CLARKE, Sir William John (1831-1897


CLARKE, Sir William John (1831-1897
pastoralist and philanthropist
was the son of William John Turner Clarke (1804-1874), an early Tasmanian colonist, who acquired large pastoral properties in Tasmania, Victoria, South Australia and New Zealand. He settled afterwards in Victoria and became a member of the legislative council. On his death in 1874 his eldest son William John Clarke was left the Victorian estate. He was born in Tasmania in 1831 and in 1850 crossed to Victoria, had experience on his father's properties in both Victoria and Tasmania, and in 1862 settled permanently in Victoria and acted as manager for his father. He took some interest In local government and was chairman of the Braybrook Road Board. On the death of his father he found himself with a very large income, much of which he began to use for the benefit of the state. His largest gifts were £10,000 for the building fund of St Paul's cathedral and £7000 for Trinity College, Melbourne university. He was elected a member of the legislative council for the Southern Province in 1878, but never took a prominent part in politics. In the same year he was appointed president of the commissioners of the Melbourne international exhibition which was opened on 1 October 1880. In 1882 he gave 3000 guineas to found a scholarship in the Royal College of Music, and for many years he bore the full expense of the Rupertswood battery of horse artillery at Sunbury. He took interest in various forms of sport, his yacht, the Janet, won several races, but he was not very successful on the turf; the most important race he won being the V.R.C. Oaks. He was the patron of many agricultural societies and did much to improve the breed of cattle in Victoria. Before the establishment of the Victorian department of agriculture he provided a laboratory for R. W. E. McIver, and paid him to lecture on agricultural chemistry in farming centres. In 1886 he was a member of the Victorian commission to the Colonial and Indian exhibition, and in the same year Cambridge gave him the honorary degree of LL.D. He was well-known also as a freemason and became grand master of the United Grand Lodge of Victoria. In his later years, although his interests lay principally in the country, he lived at his town house Cliveden in East Melbourne. He died suddenly at Melbourne on 15 May 1897. He was created a baronet in December 1882. He married (1) in 1860 Mary, daughter of the Hon. John Walker and (2) in 1873 Janet Marian, daughter of Peter Snodgrass, M.L.C., who survived him with two sons and two daughters of the first marriage, and three sons and two daughters of the second marriage.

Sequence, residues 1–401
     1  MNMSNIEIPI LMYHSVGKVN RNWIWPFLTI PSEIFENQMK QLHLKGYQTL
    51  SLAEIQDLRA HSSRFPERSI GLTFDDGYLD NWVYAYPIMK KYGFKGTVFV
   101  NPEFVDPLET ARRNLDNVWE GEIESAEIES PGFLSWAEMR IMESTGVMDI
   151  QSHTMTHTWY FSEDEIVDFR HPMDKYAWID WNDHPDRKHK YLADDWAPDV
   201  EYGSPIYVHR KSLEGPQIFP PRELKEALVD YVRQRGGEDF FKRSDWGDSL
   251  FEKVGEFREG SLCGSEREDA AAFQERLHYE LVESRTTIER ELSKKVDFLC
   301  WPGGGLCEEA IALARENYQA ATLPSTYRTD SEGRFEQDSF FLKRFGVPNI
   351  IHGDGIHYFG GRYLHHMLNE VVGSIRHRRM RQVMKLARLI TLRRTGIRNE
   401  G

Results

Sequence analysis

Clarke's name was a household word in Victoria. He was kindly, hospitable, and rather retiring by nature, content to be a good citizen who desired to use his wealth wisely. He made few large donations but his help could constantly be relied on by hospitals, charitable institutions, and agricultural and other societies. He cut up one of his estates into small holdings and was a model landlord, and he showed much foresight in allying science with agriculture by employing McIver as a lecturer. His second wife, Janet Lady Clarke, who had been associated with him in philanthropic movements, kept up her interest in them, especially in all matters relating to women, until her death on 28 April 1909. One of their sons, Sir Frank Clarke, went into politics and was a member of several Victorian ministries. He became president of the legislative council in 1923 and held that position for nearly 20 years. He was created K.B.E. in 1926.
The Argus, and The Age, Melbourne, 17 May 1897; P. Mennell, The Dictionary of Australasian Biography; The Cyclopaedia of Victoria, 1903; Burke's Peerage, etc., 1897; Who's Who in Australia, 1941.

Dictionary of Australian Biography by PERCIVAL SERLE. . 1949.


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